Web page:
Fastlane optical turnstiles use multi-processor neural network modeling to determine precisely what is going on in the lanes. This system recognizes and alarms on an unauthorized tailgate attempt at less than ¼” behind an authorized user, but it also recognizes a pushed or pulled bag, cart, or stroller as being an integral part of a person passing through, preventing false alarms and the premature closure of the turnstile barriers.
This same modeling system has been modified to incorporate the concept that a person, or persons, stepping into the lane from the secure side, even without badging out, is probably not a significant security threat. In these cases, the locking brakes will immediately release, allowing the barriers to swing open with the touch of a finger. The person trying to escape can walk right through the lane with virtually no resistance from the barriers. Because this is still considered an unauthorized exit, the turnstile “forced barrier” alarms will sound when the person pushes through, but they will be outside and safe.
The only situation where this doesn’t happen is in the unlikely event of someone standing on the public side of the same lane the person is trying to escape through. In these cases, the swinging turnstile barriers could injure the person on the public side as the person on the secure side pushes through. Therefore, the brakes will not release until the person on the public side has moved a safe distance away from the barriers.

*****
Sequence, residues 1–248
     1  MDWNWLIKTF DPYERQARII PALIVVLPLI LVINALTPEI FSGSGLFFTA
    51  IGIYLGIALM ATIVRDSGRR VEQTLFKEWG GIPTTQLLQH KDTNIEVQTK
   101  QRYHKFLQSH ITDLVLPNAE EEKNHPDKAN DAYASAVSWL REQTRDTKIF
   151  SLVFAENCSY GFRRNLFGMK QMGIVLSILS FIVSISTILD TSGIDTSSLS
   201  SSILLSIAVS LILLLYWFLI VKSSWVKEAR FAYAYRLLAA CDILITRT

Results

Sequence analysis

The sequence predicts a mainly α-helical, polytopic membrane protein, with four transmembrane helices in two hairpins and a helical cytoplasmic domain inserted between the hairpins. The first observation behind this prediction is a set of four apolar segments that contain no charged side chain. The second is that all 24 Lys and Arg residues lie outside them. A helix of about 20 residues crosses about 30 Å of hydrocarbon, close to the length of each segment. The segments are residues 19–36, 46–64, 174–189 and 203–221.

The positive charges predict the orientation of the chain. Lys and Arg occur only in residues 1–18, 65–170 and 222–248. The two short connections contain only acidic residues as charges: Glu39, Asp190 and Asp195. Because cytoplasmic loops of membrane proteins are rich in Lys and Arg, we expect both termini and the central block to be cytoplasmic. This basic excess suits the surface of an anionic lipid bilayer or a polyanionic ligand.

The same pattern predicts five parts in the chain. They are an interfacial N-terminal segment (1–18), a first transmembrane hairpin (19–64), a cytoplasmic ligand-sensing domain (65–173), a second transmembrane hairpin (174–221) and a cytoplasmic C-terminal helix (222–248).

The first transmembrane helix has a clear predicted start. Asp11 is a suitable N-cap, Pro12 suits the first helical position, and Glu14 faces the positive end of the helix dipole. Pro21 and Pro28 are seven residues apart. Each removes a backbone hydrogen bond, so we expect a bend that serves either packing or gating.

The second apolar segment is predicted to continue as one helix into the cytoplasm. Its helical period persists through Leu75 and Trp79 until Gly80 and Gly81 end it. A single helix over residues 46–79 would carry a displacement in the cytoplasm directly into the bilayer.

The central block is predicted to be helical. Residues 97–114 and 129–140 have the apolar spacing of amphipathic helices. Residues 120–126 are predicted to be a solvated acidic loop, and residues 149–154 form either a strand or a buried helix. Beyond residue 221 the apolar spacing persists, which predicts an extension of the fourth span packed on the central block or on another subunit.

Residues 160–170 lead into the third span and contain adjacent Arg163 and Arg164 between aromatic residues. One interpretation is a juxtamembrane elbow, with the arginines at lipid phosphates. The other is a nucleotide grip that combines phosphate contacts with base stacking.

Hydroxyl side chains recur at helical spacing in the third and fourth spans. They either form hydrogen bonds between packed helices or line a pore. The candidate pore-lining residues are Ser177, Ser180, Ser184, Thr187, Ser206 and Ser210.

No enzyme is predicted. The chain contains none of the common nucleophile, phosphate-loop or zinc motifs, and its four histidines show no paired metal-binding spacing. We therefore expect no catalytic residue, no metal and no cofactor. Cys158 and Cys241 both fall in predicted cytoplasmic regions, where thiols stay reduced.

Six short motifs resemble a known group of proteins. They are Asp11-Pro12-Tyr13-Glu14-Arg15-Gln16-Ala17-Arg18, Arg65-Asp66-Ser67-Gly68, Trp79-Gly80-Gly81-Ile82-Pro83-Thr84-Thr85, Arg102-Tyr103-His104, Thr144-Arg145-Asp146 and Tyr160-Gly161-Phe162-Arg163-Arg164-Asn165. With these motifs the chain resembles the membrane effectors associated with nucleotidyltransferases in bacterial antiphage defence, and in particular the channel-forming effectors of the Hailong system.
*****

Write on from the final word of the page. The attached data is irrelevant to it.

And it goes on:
Not All Turnstiles Are Created Equal
When considering turnstiles for your secure facility, it is important to remember that not all turnstiles are created equal. Is the safety of your employees worth the risk of using anything but the best turnstiles on the market from Smarter Security? Take a look at the Fastlane turnstiles which feature locking brakes and see which one will serve you best when it comes to increasing security and ensuring personal safety.